Contrite Elegant Rebel was a visually dazzling showcase of the work of band Porcelintoy, and was another clear highpoint of the festival, but the often overwhelming amount of stuff going on at all times—especially the totally unneeded AV—tipped it over at points into a rather over-egged pudding.
Diamond Dogs was a bravely personal exploration of depression by writer/performer Kate Fitzroy, and should be commended for its sheer honesty. Unfortunately, an unfocused directorial tone and far too much reliance on technology for artificial wow distracted from the central thrust of the show, making it into a lot more therapy than theatre.
Joseph and Mahina was the latest show by uber prolific playwright Thomas Sainsbury. It is a marked step up from his earlier work, finally being about something when his earlier work erred too much on the side of disposable. The performances by Sainsbury himself and Renee Lyons were the strongest in the festival. Really the only negative in this work was the repetitive blinding of the audience with lights at the top of each scene, which went from being annoying, to being painful, to actually making you dread the continuation of the show. This doesn’t sound like much, but was enough of an irritant to make one reflect more negatively on the show as a whole.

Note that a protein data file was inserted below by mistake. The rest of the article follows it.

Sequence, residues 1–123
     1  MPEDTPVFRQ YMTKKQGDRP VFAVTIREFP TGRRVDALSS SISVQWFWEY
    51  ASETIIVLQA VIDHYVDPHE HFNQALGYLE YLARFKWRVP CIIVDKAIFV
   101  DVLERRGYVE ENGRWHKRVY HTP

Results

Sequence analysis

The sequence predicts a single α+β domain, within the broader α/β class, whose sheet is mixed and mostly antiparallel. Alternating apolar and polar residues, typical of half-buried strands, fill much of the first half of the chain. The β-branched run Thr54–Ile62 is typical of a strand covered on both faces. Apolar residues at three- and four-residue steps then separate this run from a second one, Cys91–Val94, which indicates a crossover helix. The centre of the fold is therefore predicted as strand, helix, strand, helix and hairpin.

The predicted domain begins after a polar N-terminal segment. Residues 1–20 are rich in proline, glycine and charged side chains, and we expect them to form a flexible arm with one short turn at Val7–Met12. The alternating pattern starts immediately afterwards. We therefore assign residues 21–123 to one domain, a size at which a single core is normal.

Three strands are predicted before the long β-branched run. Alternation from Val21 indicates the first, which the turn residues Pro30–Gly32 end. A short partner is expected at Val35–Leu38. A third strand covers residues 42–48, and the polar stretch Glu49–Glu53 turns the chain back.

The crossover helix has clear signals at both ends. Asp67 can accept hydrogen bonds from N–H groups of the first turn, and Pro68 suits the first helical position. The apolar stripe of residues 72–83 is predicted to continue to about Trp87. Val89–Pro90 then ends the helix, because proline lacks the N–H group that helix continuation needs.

Love in the Time of Vampires by Pachali Brewster was certainly entertaining, but certainly not the laugh riot it seemed to assume it was. Also, Brewster states that the three 20 minute shows which make up Vampires were written to be performable in any order or even separately—a claim which the sheer amount of continuing plots makes comically absurd, and one cannot help but feel that had the play been episodic as she had hoped, the show would have been markedly improved when freed from the shackles of the tortured ongoing narrative.
The Hooligan and The Lady was the interesting if clumsily told story of Flossie LeMar, one of the many unspoken heroines of the suffragette movement in New Zealand. It made up for being so oddly shaped—it felt like just the first two acts of a five act play, and it didn’t end so much as just stop—with stellar performances by Alex Greig, Allan Henry, and Rachel More.